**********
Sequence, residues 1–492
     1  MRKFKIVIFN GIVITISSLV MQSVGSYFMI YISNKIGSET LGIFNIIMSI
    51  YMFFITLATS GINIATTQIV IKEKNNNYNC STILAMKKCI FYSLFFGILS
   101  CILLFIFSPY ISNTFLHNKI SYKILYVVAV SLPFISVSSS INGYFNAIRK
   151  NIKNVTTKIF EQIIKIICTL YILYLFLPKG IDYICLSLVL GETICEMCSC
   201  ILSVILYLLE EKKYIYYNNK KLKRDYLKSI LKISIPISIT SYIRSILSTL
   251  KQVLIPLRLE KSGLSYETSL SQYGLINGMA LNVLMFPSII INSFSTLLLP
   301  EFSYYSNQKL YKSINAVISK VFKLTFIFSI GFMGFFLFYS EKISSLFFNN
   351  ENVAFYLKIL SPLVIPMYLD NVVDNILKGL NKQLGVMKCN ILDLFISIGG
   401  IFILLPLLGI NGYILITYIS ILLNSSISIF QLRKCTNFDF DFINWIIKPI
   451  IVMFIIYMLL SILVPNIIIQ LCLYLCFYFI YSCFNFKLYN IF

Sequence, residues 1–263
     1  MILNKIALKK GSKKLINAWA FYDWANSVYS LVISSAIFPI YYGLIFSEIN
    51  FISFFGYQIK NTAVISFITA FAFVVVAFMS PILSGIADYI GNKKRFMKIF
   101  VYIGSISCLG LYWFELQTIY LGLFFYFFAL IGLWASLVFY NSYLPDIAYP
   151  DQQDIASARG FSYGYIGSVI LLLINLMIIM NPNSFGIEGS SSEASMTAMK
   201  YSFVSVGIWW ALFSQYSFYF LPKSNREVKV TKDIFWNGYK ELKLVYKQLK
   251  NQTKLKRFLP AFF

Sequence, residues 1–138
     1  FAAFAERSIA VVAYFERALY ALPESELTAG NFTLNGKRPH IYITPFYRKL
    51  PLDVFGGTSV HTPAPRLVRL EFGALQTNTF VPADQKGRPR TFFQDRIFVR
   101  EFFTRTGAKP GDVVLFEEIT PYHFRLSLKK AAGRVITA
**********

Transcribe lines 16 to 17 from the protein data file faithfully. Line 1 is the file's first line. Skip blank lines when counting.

   151  DQQDIASARG FSYGYIGSVI LLLINLMIIM NPNSFGIEGS SSEASMTAMK
   201  YSFVSVGIWW ALFSQYSFYF LPKSNREVKV TKDIFWNGYK ELKLVYKQLK